The small noses, and large brown eyes of the Cavalier King Charles Spaniel make them an irresistible dog breed. Not only do these pups have a unique history in the canine world, they are a well-rounded breed, content to both stay at home, or trot happily along on adventures with their owners. Glance at the facts below to find out why the Cavalier King Charles Spaniel has been a popular dog through the ages.
Facts About Cavalier King Charles Spaniels
- These dogs are actually considered a “retro” version of the King Charles Spaniels, which were bred with pugs until their characteristically squat noses developed as part of the breed standard. Later in 1920, an American man named Roswell Eldridge offered a sizable reward for anyone who could breed the dogs, resulting in an elongated snout as they originally had been.
- Cavalier King Charles Spaniels are homebodies, but they are also active and adventurous. Though they are not as athletically inclined as a larger breed such as a Labrador or German Shepherd, nor as tenacious as a terrier breed, these spaniels make great companions on long walks, hike and romps through a field.
- Cavalier King Charles Spaniels come in a variety of color patterns, including the “Blenheim”
(tan or chestnut and white), ruby (the reddish/coppery color that is often depicted in paintings), or tri-color (which includes black, white, and tan.)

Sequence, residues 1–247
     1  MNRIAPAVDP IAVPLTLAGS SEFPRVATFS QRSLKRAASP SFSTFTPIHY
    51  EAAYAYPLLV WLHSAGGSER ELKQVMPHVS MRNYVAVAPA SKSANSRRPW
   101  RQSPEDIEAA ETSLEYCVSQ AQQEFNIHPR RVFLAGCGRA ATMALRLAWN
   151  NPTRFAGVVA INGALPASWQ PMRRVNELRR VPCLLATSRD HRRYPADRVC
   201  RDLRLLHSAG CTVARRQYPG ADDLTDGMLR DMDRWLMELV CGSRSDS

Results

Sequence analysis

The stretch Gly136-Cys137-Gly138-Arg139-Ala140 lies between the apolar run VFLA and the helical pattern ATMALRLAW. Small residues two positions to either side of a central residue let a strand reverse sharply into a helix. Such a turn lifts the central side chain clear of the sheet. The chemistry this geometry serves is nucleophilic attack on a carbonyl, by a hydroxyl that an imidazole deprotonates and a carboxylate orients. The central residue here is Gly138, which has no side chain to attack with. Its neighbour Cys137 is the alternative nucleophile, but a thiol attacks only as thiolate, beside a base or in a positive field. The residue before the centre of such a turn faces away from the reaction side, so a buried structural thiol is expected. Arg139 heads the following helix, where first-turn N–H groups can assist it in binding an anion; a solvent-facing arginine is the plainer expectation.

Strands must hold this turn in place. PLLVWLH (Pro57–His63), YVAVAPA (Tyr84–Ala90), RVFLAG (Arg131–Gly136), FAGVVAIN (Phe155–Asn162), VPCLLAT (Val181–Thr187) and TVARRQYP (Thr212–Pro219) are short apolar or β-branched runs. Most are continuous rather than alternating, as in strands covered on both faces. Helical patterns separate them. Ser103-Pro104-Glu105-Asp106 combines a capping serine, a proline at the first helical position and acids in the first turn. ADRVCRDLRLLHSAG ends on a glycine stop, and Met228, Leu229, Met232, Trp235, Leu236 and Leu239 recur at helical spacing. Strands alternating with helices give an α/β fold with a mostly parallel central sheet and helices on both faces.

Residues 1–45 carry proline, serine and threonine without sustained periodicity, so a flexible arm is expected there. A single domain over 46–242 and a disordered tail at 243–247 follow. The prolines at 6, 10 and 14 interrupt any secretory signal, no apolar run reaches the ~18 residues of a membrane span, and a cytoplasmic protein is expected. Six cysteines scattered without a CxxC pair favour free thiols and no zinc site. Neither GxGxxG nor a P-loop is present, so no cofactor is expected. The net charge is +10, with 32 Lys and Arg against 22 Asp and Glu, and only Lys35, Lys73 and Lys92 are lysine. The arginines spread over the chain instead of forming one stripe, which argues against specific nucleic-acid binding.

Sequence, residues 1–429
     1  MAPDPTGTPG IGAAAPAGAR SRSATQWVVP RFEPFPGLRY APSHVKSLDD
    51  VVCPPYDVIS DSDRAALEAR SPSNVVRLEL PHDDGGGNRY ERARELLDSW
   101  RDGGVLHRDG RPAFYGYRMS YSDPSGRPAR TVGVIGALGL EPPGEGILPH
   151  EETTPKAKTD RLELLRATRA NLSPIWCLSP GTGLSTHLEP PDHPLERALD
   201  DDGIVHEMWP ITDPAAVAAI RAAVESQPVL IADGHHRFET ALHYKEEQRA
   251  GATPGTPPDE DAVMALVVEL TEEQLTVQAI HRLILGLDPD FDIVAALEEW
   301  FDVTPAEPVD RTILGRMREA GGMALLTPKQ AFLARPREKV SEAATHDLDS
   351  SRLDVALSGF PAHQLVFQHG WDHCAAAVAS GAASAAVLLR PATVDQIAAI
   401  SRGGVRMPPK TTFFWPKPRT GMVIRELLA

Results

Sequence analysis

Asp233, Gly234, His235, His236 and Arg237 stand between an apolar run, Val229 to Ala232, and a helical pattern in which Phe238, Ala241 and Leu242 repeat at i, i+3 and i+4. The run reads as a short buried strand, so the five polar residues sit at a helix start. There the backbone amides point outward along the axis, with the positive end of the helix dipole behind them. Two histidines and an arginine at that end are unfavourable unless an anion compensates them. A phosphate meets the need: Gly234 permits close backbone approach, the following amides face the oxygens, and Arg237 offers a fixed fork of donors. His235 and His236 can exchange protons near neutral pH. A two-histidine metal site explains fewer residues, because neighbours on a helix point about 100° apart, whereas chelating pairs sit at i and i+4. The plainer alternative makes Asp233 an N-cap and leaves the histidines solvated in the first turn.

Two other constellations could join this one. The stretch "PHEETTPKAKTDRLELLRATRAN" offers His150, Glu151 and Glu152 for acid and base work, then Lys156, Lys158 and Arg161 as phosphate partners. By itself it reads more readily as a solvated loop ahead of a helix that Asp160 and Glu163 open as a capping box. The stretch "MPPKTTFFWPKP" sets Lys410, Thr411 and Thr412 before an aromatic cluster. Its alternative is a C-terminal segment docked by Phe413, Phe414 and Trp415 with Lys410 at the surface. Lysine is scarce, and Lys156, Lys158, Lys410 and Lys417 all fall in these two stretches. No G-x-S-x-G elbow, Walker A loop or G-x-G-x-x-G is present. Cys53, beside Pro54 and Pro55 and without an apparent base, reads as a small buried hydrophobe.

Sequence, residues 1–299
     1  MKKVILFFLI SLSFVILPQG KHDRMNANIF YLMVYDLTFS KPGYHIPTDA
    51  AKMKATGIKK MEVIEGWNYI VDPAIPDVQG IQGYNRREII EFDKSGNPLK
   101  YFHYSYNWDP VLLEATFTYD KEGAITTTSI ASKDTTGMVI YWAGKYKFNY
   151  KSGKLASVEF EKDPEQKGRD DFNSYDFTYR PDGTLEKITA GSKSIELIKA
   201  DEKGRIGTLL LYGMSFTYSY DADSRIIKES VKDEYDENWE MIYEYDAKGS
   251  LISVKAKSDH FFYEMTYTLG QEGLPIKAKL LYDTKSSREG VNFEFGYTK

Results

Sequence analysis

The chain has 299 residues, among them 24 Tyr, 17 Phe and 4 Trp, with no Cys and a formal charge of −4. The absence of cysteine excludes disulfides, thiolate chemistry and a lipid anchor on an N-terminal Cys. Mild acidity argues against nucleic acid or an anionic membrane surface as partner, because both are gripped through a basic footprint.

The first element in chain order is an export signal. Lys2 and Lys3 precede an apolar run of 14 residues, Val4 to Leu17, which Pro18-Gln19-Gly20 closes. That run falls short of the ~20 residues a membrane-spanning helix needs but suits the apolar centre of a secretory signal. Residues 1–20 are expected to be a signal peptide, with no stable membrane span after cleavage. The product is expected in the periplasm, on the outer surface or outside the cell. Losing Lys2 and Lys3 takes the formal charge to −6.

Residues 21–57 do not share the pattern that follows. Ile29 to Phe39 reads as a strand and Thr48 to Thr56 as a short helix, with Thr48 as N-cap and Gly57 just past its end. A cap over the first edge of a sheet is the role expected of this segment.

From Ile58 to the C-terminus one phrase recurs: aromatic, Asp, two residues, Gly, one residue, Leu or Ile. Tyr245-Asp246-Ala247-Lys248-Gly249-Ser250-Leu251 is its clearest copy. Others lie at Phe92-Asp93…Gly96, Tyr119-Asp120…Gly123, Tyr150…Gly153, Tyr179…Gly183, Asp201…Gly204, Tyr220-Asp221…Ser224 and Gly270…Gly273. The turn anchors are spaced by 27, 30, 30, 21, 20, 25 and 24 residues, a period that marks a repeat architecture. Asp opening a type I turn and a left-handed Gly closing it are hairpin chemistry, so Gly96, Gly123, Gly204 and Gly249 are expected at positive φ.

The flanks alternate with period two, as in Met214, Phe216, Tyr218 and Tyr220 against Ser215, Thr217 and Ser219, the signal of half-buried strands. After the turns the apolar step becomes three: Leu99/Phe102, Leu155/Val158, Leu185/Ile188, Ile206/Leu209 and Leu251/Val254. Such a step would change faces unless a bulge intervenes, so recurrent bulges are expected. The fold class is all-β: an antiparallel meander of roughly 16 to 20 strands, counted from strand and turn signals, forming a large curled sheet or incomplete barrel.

- Looking almost as if they are royals themselves, these dogs have been around for centuries, and were originally named after England’s King Charles II who ruled the British Empire during the 17th The king loved these dogs so much, that it is believed he ordered that this breed would be allowed to roam wherever they please, even in the House of Parliament.
- They have been the preferred pet for numerous notable leaders including the great John Churchill, the 1st Duke of Marlborough. His estate, Blenheim Palace (so named for his triumph at the Battle of Blenheim) was the inspiration for the Cavalier King Charles Spaniels colored in the white and ruby combination. Ronald Regan also owned one of these spaniels during his presidency.
- Following WWII, the breed had dwindled considerably by the end of the 1940’s, and only six dogs were all remained. However the Cavalier King Charles Spaniels persisted, first arriving in America in the 1950’s, and finally being recognized as a breed by the American Kennel Club in 1995.
- These pups are very companionable with other dogs, cats, and humans. But since they can be aloof or withdrawn if they are not exposed to other creatures from a young age, it is important to socialize them as puppies.
- CKC Spaniels are excellent with children. Though they can be a bit snappy if irked, these pups are eager to please, excited to keep the children company and play with them for hours on end.
- They are very social, and as indicative of their spaniel traits, they prefer to be with their owners more often than not. People who are seldom at home, or who keep long hours at work are not encouraged to choose this breed, as separation anxiety tends to be an area of struggle.
- For people who love Cavalier King Charles Spaniels, but struggle with canine allergies, this breed mixes with the miniature Poodle (a hypoallergenic breed) to create the adorable Cavapoo.
- Since 2012, the Cavalier King Charles Spaniel has ranked in the top 20 favorite dog breeds in America, and they are rapidly climbing the charts!